bleached flour [bleech ed flouuhr, flou-er] noun
Flour that has been lightened with a bleaching agent during processing. Most home-baking recipes call for all-purpose flour, cake flour or bread flour (there are many more kinds, but these are the most common types of flour) but within these types there are variables including protein amount, type of wheat and whether the flour is bleached. Technically, all all-purpose flours are bleached. A naturally occurring carotenoid pigment in wheat gives freshly milled flour a faint yellowish tinge. Over the course of about three months, the pigments oxidize and the flour becomes a lighter, whiter color. This is a preferred look by consumers, so manufacturers figured out how to hasten the process using chemicals – typically with either benzoyl peroxide or chlorine gas. Both are considered safe, and while both whiten the flour, the gas also lessens the protein content, which is a significant modification.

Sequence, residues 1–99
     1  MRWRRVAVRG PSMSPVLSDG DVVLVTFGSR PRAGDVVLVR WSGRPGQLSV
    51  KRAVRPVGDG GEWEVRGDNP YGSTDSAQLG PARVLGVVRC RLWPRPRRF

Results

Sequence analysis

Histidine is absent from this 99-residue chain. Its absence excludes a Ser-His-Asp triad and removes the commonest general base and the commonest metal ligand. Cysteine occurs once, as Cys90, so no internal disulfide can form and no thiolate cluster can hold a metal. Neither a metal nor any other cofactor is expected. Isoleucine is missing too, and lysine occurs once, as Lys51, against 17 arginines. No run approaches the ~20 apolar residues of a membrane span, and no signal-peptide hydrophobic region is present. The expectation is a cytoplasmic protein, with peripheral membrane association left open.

Are unbleached and bleached flour interchangeable in recipes? It depends how sensitive your palate is, how picky you are and what recipe you are using. If you are using a couple of tablespoons to thicken a pastry cream, they probably won’t act very differently, nor will the taste be different to most people. In cakes, however, the protein content could greatly affect the textural outcome. In a delicate white cake, the flours might taste different as well; bleached flour can taste metallic or even flat to some with discerning palates.